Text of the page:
Re: [Rd] One for the wish list - var.default etc

From: Prof Brian Ripley <ripley_at_stats.ox.ac.uk>
Date: Wed, 09 May 2007 15:08:55 +0100 (BST)

On Wed, 9 May 2007, S Ellison wrote:

> Brian,
>
>> If we make functions generic, we rely on package writers implementing
>> the documented semantics (and that is not easy to check). That was
>> deemed to be too easy to get wrong for var().
>
> Hard to argue with a considered decision, but the alternative facing
> increasing numbers of package developers seems to me to be pretty bad
> too ...
>
> There are two ways a package developer can currently get a function
> tailored to their own new class. One is to rely on a generic function to
> launch their class-specific instance, and write only the class-specific
> instance. That may indeed be hard to check, though I would be inclined
> to think that is the package developer's problem, not the core team's.
> But it has (as far as I know today ...?) no wider impact.

But it does: it gives the method privileged access, in this case to the stats namespace, even allowing a user to change the default method which namespaces to a very large extent protect against.

If var is not generic, we can be sure that all uses within the stats namespace and any namespace that imports it are of stats::var. That is not something to give up lightly.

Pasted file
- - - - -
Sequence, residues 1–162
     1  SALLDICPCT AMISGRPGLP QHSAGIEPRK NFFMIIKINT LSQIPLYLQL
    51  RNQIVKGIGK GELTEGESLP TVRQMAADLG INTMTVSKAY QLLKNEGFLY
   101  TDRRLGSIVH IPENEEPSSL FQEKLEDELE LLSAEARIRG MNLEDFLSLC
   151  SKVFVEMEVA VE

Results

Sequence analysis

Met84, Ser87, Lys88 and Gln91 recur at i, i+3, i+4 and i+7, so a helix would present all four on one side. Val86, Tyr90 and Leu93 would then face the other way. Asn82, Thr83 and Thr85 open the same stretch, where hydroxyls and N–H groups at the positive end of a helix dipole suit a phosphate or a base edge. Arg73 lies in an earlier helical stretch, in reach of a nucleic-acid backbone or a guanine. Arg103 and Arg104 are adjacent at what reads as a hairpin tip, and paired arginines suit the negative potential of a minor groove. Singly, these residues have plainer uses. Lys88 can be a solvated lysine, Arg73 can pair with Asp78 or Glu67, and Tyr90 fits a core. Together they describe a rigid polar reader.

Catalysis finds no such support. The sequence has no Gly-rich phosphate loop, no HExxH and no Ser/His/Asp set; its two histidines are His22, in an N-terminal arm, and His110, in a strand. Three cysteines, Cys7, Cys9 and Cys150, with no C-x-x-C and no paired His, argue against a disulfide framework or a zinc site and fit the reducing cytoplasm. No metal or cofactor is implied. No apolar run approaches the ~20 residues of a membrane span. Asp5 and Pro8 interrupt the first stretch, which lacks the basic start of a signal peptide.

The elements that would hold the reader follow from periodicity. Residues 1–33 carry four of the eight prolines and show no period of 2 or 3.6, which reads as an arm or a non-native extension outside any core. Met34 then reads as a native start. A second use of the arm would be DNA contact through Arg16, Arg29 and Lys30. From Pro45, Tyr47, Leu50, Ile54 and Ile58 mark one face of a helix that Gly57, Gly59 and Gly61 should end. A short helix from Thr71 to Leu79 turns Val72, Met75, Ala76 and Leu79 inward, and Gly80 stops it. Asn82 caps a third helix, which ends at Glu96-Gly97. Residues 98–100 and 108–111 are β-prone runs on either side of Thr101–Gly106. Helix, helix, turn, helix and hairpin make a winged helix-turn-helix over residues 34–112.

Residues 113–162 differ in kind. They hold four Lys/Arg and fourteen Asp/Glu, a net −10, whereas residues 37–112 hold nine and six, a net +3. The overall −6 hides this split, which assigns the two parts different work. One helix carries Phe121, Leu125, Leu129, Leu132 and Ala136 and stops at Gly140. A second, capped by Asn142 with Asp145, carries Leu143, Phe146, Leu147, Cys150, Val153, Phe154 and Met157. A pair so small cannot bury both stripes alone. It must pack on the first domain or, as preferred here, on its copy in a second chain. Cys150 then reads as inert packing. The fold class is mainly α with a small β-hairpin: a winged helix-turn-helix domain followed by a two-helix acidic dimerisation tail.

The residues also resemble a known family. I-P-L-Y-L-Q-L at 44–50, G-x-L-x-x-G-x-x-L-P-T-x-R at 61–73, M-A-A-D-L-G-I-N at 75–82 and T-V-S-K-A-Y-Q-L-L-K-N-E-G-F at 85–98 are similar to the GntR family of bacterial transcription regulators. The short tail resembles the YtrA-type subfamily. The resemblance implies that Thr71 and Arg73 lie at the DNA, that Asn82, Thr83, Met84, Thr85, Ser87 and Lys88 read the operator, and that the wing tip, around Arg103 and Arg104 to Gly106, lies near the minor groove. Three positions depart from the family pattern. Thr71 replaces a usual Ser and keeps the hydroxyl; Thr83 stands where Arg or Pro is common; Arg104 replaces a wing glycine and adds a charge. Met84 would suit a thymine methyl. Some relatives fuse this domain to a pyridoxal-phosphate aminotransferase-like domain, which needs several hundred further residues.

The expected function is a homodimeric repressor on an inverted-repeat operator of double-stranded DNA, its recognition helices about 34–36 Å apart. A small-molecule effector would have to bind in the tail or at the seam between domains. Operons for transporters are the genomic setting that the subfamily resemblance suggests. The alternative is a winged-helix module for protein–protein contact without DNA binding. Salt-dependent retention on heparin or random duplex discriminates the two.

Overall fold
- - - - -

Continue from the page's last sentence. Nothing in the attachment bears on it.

> The other option, with no existing generic, is to mask the original
> function by writing a new generic function that respects the original
> syntax exactly, and then implement a fun.default that replicates the
> original non-generic function's behaviour, hopefully by calling it
> directly. As an example, library(circular) masks stats::var, though I'm
> fairly sure its not the only case. This has obvious disadvantages,
> including potentially system-wide (R-wide at least!) impact and
> unfavourable interactions between packages masking each other's generics
> and defaults).

Just as can happen with methods.

> I will use masking if I have to, at least for my own local use where its
> only me that suffers if (when?) I get it wrong. But the idea makes me
> very nervous, especially if I imagine folk who _don't_ get as nervous at
> the idea.
>
> Hence the feeling that wider use of generics for fundamental and common
> functions might make for a safer world.

The opposite appears to be truer.

-- 
Brian D. Ripley,                  ripley_at_stats.ox.ac.uk
Professor of Applied Statistics,  http://www.stats.ox.ac.uk/~ripley/
University of Oxford,             Tel:  +44 1865 272861 (self)
1 South Parks Road,                     +44 1865 272866 (PA)
Oxford OX1 3TG, UK                Fax:  +44 1865 272595

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